IRS Robots Working During Shutdown
There’s unlikely to be any shortage of work for tax advisers in the United States. The way events have conspired, 2019 could go down in history as one of the most challenging tax seasons ever, if not the most challenging. Certainly, the ingredients for this are in place: substantially revised US tax rules, which taxpayers will be filing under for the first time this year; and an Internal Revenue Service only just getting back on its feet after the longest government shutdown in history. An IRS, I might add, that struggles to cope with its bloated remit with 76,000 staff, let alone a skeleton crew. A recipe for disaster, you might say. An administrative perfect storm.
Recently, the IRS has sounded like it resembles one of those tax robots I keep warning you all about. As noted by the American Institute of CPAs in its recent letter to Treasury Secretary Steven Mnuchin and Internal Revenue Service Commissioner Charles Rettig on the matter, the IRS continues to mail automated IRS collection notices, automated warnings of asset seizures and Notices of Intent to Levy, as well as automatically transferring cases to collections. Note the extensive use of the word “automatic” here. However, attempts by taxpayers to respond to such automated notices are likely to have fallen on deaf ears, as there were no humans at the IRS to talk to. And you won’t get any sense out of a robot.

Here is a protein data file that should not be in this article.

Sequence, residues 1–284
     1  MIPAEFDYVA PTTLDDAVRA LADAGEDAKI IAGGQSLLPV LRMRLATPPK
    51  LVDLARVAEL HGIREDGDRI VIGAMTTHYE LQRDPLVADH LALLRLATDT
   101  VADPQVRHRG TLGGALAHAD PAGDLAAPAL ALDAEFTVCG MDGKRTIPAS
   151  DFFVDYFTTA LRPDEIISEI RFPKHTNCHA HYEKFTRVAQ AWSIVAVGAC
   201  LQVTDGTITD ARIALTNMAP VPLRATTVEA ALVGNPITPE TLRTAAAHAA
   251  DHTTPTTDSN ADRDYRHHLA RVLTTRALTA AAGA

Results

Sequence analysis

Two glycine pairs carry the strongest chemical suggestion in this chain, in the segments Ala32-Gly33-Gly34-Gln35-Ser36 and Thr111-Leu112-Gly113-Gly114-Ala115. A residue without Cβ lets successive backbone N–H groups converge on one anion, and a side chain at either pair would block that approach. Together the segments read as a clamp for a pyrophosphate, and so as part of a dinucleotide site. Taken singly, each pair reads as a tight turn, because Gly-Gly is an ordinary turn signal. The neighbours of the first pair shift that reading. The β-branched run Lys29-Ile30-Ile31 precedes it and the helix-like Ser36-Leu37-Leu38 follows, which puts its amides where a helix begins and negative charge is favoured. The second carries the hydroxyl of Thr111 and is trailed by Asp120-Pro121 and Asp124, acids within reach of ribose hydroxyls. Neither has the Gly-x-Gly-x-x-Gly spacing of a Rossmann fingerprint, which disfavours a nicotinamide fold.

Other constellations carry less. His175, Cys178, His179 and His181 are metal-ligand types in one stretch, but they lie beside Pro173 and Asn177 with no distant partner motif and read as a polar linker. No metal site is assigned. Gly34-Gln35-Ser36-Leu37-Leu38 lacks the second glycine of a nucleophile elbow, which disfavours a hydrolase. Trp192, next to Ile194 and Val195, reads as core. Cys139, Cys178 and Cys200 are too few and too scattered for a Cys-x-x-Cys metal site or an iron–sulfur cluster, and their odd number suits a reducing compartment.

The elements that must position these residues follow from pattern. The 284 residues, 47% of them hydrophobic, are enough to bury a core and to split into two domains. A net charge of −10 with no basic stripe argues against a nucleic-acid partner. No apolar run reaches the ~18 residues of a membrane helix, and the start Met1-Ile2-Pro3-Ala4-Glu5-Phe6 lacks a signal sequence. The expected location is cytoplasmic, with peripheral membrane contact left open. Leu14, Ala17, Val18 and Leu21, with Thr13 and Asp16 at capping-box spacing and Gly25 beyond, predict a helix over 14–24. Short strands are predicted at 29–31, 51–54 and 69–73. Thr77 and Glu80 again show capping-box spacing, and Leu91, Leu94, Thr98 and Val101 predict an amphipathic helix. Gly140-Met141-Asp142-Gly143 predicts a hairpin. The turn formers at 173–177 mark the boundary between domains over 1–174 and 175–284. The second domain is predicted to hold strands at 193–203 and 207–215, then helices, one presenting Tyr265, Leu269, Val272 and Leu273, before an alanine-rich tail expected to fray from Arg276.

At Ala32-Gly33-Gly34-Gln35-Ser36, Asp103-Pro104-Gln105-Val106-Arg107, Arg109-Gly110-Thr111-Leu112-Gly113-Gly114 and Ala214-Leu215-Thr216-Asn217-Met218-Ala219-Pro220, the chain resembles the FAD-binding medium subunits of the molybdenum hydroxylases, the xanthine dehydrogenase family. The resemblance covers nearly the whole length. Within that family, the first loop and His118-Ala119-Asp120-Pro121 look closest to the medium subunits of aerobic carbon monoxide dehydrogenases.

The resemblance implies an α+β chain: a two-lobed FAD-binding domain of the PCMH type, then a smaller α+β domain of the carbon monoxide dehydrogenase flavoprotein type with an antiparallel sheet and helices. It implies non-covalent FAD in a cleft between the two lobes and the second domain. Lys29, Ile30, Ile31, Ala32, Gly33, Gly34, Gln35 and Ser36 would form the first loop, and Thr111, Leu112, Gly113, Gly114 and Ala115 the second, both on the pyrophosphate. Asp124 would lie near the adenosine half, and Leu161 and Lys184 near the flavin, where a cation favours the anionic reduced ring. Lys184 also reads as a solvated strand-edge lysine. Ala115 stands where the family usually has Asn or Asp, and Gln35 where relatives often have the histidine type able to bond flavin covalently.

Could things get any more daunting for US taxpayers? There’s always the final version of the transition tax regulations (released last month) to give you a fright if you’re not sufficiently spooked by all this. Or how about the battery of new tax forms and instructions relating to tax changes brought about by the Tax Cuts and Jobs Act, which were recently published by the IRS, including Forms 965, 965A (Schedules A-H), 8990, 8992, 8993, and 8996? You could write a movie about it: “Nightmare on Constitution Avenue.”
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